The development of bones in your body is constantly evolving. The old bones breakdown while new ones replace them. Until in your 30’s there are more new bones being developed than there are old bones breaking down. You reach the peak of your bone density right around this period, after which the rate of old bone breakdown overtakes the rate of bone replacement. This is also the start of the deterioration of your bone structures. With aging comes wear and tear of your body and the degeneration of its organs. The process can result to weaker bones.
The process of bone development lets the bones to be progressively weaker and more brittle over time. Mild to moderate changes of this kind is what doctors call osteopenia. The condition when there is significant bone loss is called osteoporosis.
Statistics from the American Academy of Orthopedic Surgeons show that of the Americans over 50 years old, 50 percent of the women and 25 percent of the men will experience bone fracture due to osteoporosis. The common conditions of broken bones are those of the hips, arm, leg, wrist. Broken hip is the most serious. It not only affects movement but also the person’s quality of life.
Causes of Osteoporosis
The real cause of osteoporosis is not known even by the medical doctors. What they have positively identified are the factors that increase the risk of osteoporosis and those who are at risk for this condition.
Unfortunately, many of these risk factors are beyond your control:
- Getting old – People over 50 have higher risks.
- Having history of osteoporosis in the family – Those with parents or siblings who have osteoporosis are more likely to experience it also.
- Female gender and having experienced menopause – Women have lower bone destiny than men due to hormonal differences. Menopause decreases a women’s estrogen level, which lead to bone loss. These factors increase the risk for osteoporosis.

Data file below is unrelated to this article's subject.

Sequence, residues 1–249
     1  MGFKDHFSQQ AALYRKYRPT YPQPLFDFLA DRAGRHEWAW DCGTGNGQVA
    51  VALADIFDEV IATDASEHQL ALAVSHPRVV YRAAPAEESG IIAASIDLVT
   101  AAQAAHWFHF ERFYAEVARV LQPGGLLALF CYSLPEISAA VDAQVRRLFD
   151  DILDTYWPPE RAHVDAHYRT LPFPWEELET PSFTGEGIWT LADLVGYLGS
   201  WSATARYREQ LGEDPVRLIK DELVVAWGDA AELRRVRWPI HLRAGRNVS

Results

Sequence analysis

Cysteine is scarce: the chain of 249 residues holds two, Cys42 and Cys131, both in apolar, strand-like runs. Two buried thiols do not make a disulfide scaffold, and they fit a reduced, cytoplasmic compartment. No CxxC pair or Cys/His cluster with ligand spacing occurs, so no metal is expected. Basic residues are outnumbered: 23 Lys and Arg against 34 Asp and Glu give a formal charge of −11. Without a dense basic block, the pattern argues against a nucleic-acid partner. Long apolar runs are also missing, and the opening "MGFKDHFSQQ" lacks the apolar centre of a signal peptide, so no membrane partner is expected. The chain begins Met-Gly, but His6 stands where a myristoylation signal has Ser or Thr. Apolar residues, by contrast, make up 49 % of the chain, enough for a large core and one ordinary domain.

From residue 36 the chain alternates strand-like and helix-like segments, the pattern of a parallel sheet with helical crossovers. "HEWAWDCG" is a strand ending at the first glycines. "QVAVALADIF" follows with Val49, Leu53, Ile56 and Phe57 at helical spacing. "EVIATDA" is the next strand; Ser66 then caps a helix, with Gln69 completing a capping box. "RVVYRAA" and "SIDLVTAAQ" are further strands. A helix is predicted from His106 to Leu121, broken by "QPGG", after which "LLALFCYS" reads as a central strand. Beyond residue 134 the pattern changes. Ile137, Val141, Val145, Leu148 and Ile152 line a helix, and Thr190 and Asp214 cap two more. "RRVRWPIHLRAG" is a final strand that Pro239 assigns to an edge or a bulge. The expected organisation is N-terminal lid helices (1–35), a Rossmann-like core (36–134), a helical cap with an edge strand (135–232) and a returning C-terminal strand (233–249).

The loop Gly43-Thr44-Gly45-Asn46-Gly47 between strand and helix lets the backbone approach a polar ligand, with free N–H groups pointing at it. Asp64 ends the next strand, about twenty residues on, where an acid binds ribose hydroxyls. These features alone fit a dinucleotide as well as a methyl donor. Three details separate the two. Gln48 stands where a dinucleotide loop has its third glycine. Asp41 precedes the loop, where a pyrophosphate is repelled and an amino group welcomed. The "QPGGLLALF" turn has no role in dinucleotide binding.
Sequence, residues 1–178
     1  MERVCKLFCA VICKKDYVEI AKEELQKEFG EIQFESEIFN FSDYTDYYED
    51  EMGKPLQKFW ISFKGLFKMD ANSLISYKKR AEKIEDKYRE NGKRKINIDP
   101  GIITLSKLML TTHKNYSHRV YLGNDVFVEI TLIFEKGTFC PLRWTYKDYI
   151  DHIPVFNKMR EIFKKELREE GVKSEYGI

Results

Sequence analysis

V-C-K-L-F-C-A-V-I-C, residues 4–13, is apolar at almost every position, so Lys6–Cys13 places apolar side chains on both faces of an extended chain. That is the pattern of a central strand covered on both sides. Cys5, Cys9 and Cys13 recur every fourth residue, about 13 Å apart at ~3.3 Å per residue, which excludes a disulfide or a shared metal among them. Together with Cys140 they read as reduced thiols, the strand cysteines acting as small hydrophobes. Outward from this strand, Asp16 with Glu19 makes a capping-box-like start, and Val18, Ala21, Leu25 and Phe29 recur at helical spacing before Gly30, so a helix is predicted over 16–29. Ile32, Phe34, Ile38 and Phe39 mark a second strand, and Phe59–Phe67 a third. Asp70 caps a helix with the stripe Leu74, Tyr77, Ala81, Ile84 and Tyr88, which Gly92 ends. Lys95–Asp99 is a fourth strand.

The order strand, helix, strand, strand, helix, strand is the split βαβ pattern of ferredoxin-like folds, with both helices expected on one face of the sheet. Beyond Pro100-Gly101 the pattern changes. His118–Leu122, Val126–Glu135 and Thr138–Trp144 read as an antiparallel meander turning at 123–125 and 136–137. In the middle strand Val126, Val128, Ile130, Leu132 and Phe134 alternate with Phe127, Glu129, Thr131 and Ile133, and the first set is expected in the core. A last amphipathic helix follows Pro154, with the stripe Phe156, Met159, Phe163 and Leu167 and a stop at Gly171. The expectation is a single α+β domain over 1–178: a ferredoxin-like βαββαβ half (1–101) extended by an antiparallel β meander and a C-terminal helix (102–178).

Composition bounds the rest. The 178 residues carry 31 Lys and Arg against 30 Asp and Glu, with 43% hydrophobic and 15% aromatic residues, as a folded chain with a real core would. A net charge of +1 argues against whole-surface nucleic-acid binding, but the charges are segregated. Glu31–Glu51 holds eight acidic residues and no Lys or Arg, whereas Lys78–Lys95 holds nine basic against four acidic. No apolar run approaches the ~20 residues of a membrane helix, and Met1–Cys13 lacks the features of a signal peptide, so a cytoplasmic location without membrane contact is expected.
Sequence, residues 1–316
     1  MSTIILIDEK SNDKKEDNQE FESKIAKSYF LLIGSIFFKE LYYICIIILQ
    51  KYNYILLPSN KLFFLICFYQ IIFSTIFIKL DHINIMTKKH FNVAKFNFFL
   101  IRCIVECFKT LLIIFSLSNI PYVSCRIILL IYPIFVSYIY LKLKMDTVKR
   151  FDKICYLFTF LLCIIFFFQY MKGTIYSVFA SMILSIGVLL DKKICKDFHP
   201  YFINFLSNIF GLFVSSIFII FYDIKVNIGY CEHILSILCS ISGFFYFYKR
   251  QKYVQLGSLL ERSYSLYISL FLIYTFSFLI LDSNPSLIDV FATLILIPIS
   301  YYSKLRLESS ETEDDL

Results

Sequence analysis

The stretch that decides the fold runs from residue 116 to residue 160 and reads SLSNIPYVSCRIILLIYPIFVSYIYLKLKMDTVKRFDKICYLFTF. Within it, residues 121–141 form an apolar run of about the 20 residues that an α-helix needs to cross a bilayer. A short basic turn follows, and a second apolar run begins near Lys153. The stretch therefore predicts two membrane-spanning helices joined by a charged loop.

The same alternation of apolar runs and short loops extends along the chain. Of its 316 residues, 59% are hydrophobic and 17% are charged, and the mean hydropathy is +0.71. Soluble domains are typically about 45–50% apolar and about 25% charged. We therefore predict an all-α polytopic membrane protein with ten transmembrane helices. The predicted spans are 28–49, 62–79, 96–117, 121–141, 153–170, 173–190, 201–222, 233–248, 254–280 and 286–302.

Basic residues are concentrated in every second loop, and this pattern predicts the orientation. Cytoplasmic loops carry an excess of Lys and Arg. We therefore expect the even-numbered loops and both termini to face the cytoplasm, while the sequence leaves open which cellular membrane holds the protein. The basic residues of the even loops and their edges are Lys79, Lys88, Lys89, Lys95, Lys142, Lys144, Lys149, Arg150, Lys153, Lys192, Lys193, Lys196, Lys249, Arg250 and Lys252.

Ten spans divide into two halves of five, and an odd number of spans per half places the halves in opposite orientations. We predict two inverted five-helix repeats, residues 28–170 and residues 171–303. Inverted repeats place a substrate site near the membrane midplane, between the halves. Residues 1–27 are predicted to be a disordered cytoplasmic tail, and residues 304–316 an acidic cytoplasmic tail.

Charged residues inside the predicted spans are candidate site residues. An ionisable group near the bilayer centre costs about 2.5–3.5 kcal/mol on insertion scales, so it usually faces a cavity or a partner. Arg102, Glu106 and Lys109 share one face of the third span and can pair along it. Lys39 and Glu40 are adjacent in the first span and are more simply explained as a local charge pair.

- Caucasian or of Asian descent – Whites and those of Asian origin are more susceptible to this condition than other races.
- Having height loss over time – Age-related height loss indicates decreasing bone mass and density.
- Low body mass – Those with small body build are at a higher risk because of lower bone mass where the body will get calcium from.
- Having history of osteopenia
- Having history of hypothyroidism and Cushing’s disease – These are hormone-related medical conditions.
The risk factors that you can control are:
- Lack of calcium and Vitamin D – Calcium is vital for a healthy bone development. Vitamin D facilitates calcium production.
- Unhealthy diet – Excess amount of sodium, protein and caffeine and lack of fruits and vegetable in your diet
- Lack of physical activity – Regular physical exercise strengthens the bones.
- Smoking and excessive alcohol – Nicotine and toxins from tobacco smoke and alcohol interfere with the body’s ability to absorb calcium.
Cure for Osteoporosis
Another unfortunate fact on your bones is that bone mass and structures, once lost, cannot be replaced. Treatment for osteoporosis is focused on retaining whatever bone mass there is in a person.
Treatment of osteoporosis is a major concern of endocrinologists and chiropractic doctors. The treatment methods they use include:
- Medications – Estrogen replacement therapy for women may be prescribed. Other medications to prevent bone loss and encourage bone maintenance include calcitonin and bisphosphonates.
- Home care – Prescribing healthy diet and regular weight-bearing exercises are examples of home care activities.
- Chiropractic care – Treatment by a chiropractor may involve bone preventive health care utilizing chiropractic principles.
Be proactive in preventing osteoporosis. Initiate changes in your lifestyle now to favor healthy bone development and improve overall bone health.